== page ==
Once in the hallway she flounced away from hands outstretched to help her and cried wildly, “Where is my dear husband? Where is he?” She walked past two locked rooms on the left, to the bed where she saw him lying with his boots still on. The doctors asked her to leave while they made an examination, and she allowed herself to be led back toward the entrance.

Young, red-haired Major Rathbone was unexpectedly taking up most of the hallway space, extended full length on the floor and unconscious from loss of blood. The messy wound in his left arm had bled in livelier spurts after the punishment of being wrenched this way and that during the street crossing with Mrs. Lincoln. While Clara Harris made arrangements for a carriage to be brought through the crowd to drive her betrothed back to the Harris home, strenuous efforts were made to find somewhere for the First Lady to sit down.

There was no time to search for keys to the locked rooms, so their doors were broken open with heavy kicks and an onslaught of ramming shoulders. The front room that looked across at the theatre was chosen as Mary Lincoln’s refuge during the long night. It was an exceptionally prim parlor, furnished with black horsehair-covered chairs and sofa, a slippery, unyielding sofa on which the wife—when morning came, the widow—lay and gave herself up to spasms of sobbing that reverted unprcdictably to deafening screams.

In about twenty minutes now the Lincolns’ family doctor and the Surgeon General of the United States—as well as members of the Cabinet, who were being sought out all over the city of Washington—would arrive. Soon after, there would come tiptoeing into the President’s nine-by-seventeen-foot room more doctors, making sixteen in all, and a changing parade not only of chiefs of department but senators, congressmen, army officers, personal friends, the four other boarders in the Petersen house and their landlord, Mr Lincoln’s son Robert and his mother’s circle of comlorters, actors from the interrupted Our American Cousin, and just plain people who had slipped in somehow to watch Abraham Lincoln die. More than ninety individuals would pass in and out of the death room during the night, filling it to the choking point, pressing against the bed, weeping, kneeling to pray. Uncounted others, nameless, would slip into the confusion of the hallway like restless sleepwalkers, every so often escaping the delirium to let those keeping vigil out on Tenth Street know it would not he long now.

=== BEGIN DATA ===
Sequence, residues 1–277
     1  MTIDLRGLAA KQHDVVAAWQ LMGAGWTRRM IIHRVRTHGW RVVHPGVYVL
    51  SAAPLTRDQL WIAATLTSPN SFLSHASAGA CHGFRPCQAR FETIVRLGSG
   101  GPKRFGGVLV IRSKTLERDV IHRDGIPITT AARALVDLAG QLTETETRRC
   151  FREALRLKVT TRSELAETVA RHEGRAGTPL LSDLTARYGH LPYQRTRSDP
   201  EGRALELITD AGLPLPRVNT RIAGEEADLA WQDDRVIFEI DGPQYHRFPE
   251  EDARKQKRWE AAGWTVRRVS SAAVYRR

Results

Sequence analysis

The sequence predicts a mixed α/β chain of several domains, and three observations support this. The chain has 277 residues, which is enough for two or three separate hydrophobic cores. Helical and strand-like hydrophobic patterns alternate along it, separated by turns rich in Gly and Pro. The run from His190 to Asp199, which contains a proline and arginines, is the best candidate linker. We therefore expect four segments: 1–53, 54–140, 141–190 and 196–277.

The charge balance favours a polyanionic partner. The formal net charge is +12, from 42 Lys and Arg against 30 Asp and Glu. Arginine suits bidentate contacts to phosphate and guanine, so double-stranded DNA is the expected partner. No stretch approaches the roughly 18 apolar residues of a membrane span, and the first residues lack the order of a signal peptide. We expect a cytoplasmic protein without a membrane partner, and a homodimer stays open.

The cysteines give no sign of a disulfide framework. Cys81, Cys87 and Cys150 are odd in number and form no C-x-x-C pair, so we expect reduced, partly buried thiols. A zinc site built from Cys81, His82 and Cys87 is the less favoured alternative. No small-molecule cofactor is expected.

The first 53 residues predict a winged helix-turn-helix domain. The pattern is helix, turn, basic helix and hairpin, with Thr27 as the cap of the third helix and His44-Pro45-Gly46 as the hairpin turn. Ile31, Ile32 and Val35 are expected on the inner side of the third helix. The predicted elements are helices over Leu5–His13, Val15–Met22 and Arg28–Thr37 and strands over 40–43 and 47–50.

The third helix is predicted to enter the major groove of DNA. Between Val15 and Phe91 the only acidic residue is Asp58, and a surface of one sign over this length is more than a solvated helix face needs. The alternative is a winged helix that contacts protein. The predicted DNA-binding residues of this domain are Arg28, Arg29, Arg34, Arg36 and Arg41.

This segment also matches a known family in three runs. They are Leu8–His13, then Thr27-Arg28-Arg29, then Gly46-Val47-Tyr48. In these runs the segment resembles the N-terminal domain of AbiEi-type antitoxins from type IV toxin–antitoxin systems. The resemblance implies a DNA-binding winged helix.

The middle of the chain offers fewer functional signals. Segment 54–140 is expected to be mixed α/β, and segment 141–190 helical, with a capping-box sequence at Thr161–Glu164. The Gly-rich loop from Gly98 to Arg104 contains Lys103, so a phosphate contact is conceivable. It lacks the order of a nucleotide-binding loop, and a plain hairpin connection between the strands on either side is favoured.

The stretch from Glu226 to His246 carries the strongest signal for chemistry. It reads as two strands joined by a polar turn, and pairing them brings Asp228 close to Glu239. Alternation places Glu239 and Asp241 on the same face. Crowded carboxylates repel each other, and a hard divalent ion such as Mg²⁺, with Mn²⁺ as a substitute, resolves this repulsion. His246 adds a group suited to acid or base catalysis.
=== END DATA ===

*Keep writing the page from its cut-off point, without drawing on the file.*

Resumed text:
This was all in the future, as, in comparative peace in the cramped space provided—with only Mrs. Lincoln’s lamentations in the front room and the snoring, jerky breathing of the patient to unnerve them—the four medical men began their futile ritual.

They undressed the President, beginning hy pulling off his high party-going boots, size fourteen. Mr. Lincoln’s shirt had been slashed into strips of white cotton and its collar hacked away completely. There was a cuff button bearing the graven letter L. Its link had been broken as the button was wrenched with urgency from its lost mate.

When Mr. Lincoln lay naked on the bed, the physicians jointly examined every inch of him. There was one old scar on his left thumb, two small scars in his scalp, well hidden among the black locks. He was unharmed except for that brutal thrust through his head.

There would be disagreements among the four doctors as to the right treatment to pursue, and their versions of what happened on the death night would vary startlingly. There was total agreement always on the astonishment they all felt at that first sight of Mr. Lincoln’s extraordinary physique.

They were familiar with the dark, brown face, weatherworn and crisscrossed with lines, and they knew that Old Abe’s neck, too, was leathery and wrinkled: the “old” in his nickname was apt. The stunning surprise was that the fifty-six-year-old President’s body was that of a much younger man and was unbelievably perfect. The beautiful proportions, the magnificent muscular development, and the clear, firm flesh were all the more astounding because the visible man had given no clue. Charlie Taft pointed out that there was not one ounce of fat on the entire frame. Charles Leale was something of a student of classical sculpture, and he remarked immediately that the President could have been the model for Michelangelo’s Moses: he had the same massive grandeur.